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Dentistry/Root canal on lower wisdom tooth


QUESTION: Dr. Buckland,

My wife was recently told she has deep decay under a filling on tooth #17, and  it looks like it's close to the pulp.  The tooth has not been symptomatic.

My first question is, if it's close to the pulp and a new filling is attempted, should a sedative filling be placed in as a matter of course, or is that not done if the tooth has not been symptomatic?  Also, do you think it's better to leave some decay in if it's close to the root, put in a sedative filling, and give it a few months to try to lay down more dentin?

My second question has to do with how to proceed if it turns out the tooth is in need of a root canal.  Knowing my wife, it would be very traumatic for her, psychologically, to lose the tooth, even though I understand it is not necessary for normal function.  Also, we thankfully do not have problems paying for dental treatments, and wouldn't let money factor into treatment decisions.  She would prefer to keep the tooth even if it means getting RCT and a crown.  I had previously been told that RCT on wisdom teeth has questionable success rates - is that true?  Or would most experienced endodontists be able to treat wisdom teeth with similar success rates to other molars?  Does it help that this tooth came in completely normally and at least visually, appears no different from her other molars?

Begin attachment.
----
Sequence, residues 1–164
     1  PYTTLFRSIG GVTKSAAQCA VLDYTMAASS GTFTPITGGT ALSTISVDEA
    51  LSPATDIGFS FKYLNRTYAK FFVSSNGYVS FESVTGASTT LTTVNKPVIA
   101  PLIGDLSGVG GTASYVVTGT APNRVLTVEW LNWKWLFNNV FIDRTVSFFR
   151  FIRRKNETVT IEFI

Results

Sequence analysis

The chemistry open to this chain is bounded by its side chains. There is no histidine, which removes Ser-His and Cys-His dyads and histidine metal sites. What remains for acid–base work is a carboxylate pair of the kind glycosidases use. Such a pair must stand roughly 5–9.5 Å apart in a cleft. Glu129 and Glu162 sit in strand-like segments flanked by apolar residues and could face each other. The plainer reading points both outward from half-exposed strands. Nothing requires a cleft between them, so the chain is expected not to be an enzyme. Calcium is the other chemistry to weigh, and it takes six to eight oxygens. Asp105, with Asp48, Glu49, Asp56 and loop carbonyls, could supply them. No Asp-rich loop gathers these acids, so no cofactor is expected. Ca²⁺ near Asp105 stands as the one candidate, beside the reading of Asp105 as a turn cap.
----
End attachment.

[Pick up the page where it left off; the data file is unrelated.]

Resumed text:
Many thanks!


ANSWER: Hi Jonathan,

When we deal with situations like this, the first thing is to remove all the decay. Leaving any will just potentially cause more problems. If the decay exposes the pulp and is a VERY exposure, then it might be possible to try a pulp cap, a sedative material that may help the pup recover. If symptoms begin, then a root canal would be needed. If the decay removal exposes a large amount of the pulp, then most likely a root canal would be necessary. All this depends on what the dentist finds when he/she cleans out decay.

As for the difficulty of doing 3rd molar endodontics, it really depends on the root anatomy. Wisdom teeth ate notorious for having very curvy roots and are often seen with more roots than normal molars. Without seeing an x-ray, that hard for me to help with. I would advise you that if it comes to doing a root canal, it should be done by an endodontist to give your wife the best chance of things working. Prior to doing the root canal, the endodontist may want to see her for an examination to make sure the root canal is reasonable to attempt.

Hope this helps...good luck to your wife!

Gary Backlund DMD, MSD

---------- FOLLOW-UP ----------

QUESTION: Dr. Buckland,

Thanks for the quick response.  I just had one additional question:

Under what circumstances would a sedative filling be indicated?


Hi again Jonathan,

In my opinion, placing a sedative filling does more harm than good, so I would say, it is never indicated. The reason is that anytime you treat a tooth, it irritates the pulp and can cause it to become inflamed which is the 1st step to needing a root canal.

Gary Backlund DMD, MSD


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Gary Backlund, DMD, MSD


I am an Endodontist ( root canal specialist ) and can answer questions about root canals and their treatment. I cannot diagnose or treat online, but can answer general questions. I have been a specialist for 25 years and am Past President of the Washington State Association of Endodontists.


25 years practicing as a specialist

American Association of Endodonists, Past President Washington State Association of Endodontists.

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